What’s a twenty-two-year-old Irish American cop who’s never been out of Massachusetts before doing at Beardsley Hall, an English country house, having lunch with King Haakon of Norway? Billy Boyle himself wonders. Back home in Southie, he’d barely made detective when war was declared. Unwilling to fight—and perhaps die—for England, he was relieved when his mother wangled a job for him on the staff of a general married to her distant cousin. But the general turns out to be Dwight D. Eisenhower, whose headquarters are in London, which is undergoing the Blitz. And Uncle Ike wants Billy to be his personal investigator.
Billy is dispatched to the seat of the Norwegian government in exile. Operation Jupiter, the impending invasion of Norway, is being planned, but it is feared that there is a German spy amongst the Norwegians.
Billy doubts his own abilities, with good reason. A theft and two murders test his investigative powers, but Billy proves to be a better detective than he or anyone else expected.
A promising premise placing a callow Boston police officer in the midst of WWII intrigue isn't fully realized in this first of a new historical series from Benn (Desperate Ground). Soon after Pearl Harbor, Billy Boyle escapes a combat tour because his Southie family pulls strings to place him on the staff of a distant relative by marriage, a general named Dwight Eisenhower, whom Billy calls "Uncle Ike." Billy's untried detective skills are soon put to the test in London, where he's assigned to unmask a spy who may compromise Allied plans to drive the Nazis out of Norway. When one of the chief suspects turns up dead, an apparent suicide, Billy displays a knack for forensics as he uncovers medical anomalies that suggest homicide. Hopefully, Uncle Ike will have more to do in future installments and Benn will introduce the sort of character complexity that distinguishes, say, Charles Todd's WWI-era psychological whodunits (A Long Shadow, etc.) or PBS TV's Foyle's War, which also involves murder investigations during WWII.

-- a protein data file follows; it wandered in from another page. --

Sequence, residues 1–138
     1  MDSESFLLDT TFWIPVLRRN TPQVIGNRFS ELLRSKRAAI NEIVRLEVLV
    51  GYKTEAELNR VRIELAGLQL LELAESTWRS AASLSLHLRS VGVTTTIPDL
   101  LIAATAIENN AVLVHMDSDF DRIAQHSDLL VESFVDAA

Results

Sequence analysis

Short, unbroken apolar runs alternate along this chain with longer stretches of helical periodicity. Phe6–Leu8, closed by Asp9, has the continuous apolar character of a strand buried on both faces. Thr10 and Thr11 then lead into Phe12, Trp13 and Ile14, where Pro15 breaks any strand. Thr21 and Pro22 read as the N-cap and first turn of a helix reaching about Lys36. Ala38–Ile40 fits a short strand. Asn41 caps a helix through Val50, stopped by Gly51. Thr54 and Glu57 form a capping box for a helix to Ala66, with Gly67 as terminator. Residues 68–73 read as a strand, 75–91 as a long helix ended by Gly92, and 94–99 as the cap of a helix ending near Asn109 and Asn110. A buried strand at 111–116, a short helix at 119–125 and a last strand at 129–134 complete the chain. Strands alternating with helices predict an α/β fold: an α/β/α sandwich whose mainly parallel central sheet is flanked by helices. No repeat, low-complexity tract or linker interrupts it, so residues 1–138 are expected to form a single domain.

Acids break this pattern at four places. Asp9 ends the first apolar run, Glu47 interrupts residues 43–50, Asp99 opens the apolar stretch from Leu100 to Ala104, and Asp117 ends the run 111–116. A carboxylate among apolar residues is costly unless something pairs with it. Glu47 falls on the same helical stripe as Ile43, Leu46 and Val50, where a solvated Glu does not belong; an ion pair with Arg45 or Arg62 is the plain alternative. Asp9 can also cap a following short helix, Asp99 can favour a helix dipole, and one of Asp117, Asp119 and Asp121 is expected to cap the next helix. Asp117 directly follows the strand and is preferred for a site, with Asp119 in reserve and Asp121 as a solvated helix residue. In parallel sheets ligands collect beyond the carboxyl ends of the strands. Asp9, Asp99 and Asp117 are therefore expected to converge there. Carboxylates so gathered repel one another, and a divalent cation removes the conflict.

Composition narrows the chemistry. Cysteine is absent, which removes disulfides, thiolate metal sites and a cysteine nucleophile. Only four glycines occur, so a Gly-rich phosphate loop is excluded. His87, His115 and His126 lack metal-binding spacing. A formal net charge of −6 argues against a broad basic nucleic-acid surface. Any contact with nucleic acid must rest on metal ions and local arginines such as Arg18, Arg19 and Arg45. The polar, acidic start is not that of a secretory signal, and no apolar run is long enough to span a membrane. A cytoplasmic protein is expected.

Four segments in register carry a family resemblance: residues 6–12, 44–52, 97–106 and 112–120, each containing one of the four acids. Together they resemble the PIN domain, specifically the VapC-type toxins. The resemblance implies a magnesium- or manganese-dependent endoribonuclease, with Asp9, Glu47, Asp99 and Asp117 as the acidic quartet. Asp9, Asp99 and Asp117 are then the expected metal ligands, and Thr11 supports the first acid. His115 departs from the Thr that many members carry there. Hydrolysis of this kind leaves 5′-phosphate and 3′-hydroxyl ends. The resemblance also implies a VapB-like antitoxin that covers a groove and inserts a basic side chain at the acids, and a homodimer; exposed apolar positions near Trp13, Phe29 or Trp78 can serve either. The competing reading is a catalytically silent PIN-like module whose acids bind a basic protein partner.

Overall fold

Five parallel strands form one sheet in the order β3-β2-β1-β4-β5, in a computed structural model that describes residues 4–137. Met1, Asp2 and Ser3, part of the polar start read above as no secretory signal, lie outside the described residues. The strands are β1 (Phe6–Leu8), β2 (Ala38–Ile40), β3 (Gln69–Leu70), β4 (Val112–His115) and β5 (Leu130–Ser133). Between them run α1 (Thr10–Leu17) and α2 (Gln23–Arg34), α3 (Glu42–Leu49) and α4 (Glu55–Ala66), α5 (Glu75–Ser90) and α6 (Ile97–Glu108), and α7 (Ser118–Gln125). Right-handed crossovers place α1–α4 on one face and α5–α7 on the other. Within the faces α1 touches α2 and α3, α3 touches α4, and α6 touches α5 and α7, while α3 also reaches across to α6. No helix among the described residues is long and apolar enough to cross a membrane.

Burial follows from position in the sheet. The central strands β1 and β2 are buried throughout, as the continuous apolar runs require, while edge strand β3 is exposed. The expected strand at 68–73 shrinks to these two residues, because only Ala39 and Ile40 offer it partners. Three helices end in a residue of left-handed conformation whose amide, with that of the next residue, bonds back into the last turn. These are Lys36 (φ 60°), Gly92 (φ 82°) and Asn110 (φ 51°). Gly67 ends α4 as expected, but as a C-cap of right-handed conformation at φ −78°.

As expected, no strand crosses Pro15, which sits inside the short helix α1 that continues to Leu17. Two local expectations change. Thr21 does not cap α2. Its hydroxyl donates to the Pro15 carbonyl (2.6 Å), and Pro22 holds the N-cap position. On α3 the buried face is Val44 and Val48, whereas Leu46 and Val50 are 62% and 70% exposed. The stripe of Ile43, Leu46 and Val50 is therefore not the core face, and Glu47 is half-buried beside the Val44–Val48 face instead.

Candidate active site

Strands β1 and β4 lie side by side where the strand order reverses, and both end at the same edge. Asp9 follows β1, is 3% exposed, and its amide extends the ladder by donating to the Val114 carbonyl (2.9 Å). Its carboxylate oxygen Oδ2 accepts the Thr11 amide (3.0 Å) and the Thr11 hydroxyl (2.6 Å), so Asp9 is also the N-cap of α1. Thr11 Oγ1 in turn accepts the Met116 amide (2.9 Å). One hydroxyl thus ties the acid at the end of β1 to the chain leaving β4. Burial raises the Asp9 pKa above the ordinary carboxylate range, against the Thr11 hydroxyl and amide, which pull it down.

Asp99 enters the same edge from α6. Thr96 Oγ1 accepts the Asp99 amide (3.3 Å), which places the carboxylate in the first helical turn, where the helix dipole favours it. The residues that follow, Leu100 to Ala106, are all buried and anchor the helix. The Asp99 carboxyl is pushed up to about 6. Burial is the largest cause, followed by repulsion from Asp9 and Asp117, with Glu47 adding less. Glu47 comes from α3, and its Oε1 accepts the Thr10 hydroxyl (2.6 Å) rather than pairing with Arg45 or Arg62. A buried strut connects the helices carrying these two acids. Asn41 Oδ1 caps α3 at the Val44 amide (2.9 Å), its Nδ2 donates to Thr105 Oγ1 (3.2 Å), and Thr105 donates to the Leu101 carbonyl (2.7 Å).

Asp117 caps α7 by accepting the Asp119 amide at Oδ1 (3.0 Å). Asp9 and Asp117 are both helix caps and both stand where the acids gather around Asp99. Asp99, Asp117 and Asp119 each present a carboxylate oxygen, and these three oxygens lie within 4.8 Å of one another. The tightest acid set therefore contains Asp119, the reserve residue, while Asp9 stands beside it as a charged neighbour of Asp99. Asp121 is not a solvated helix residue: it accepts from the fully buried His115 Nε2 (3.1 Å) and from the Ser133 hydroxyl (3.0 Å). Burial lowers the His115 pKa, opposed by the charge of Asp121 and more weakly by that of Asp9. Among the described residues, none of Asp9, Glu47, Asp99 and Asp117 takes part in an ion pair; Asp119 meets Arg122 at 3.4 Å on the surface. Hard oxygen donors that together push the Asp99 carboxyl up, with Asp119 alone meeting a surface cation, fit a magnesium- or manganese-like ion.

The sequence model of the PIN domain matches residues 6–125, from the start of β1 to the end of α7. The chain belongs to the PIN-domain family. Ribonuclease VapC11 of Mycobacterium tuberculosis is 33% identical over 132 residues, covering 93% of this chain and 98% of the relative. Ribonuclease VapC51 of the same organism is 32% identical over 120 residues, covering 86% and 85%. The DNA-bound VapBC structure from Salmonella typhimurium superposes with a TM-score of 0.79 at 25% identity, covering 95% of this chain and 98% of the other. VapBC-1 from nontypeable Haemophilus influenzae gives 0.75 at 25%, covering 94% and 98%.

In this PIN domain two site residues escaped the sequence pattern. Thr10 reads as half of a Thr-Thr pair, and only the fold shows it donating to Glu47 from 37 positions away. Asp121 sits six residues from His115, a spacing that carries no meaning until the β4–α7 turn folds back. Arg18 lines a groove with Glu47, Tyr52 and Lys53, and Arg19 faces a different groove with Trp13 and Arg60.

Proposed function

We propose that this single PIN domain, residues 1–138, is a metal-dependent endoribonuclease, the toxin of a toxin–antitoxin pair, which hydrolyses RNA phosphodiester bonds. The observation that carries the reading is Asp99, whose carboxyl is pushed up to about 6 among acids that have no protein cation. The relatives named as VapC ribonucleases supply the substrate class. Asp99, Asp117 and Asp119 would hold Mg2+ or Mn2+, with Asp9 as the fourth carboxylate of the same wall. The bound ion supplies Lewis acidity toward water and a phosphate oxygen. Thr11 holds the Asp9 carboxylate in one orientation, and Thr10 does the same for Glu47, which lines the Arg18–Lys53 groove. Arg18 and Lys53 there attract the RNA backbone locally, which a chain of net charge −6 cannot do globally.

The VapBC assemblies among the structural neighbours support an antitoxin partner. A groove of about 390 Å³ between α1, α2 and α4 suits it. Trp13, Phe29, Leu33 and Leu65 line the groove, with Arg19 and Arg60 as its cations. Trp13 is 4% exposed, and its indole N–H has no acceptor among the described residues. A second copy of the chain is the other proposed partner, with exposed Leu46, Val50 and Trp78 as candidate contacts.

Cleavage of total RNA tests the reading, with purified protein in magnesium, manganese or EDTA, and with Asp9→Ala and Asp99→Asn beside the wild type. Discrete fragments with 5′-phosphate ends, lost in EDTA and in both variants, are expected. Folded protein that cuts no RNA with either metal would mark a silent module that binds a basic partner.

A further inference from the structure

Customer ReviewsSee All
Very well done
Thoroughly enjoyed the book. There was just enough humor to not be forced, the lead character was believable, and the story moved along without the twists, gore, and sex that are often done in lieu of creative writing.
I look forward to the next one.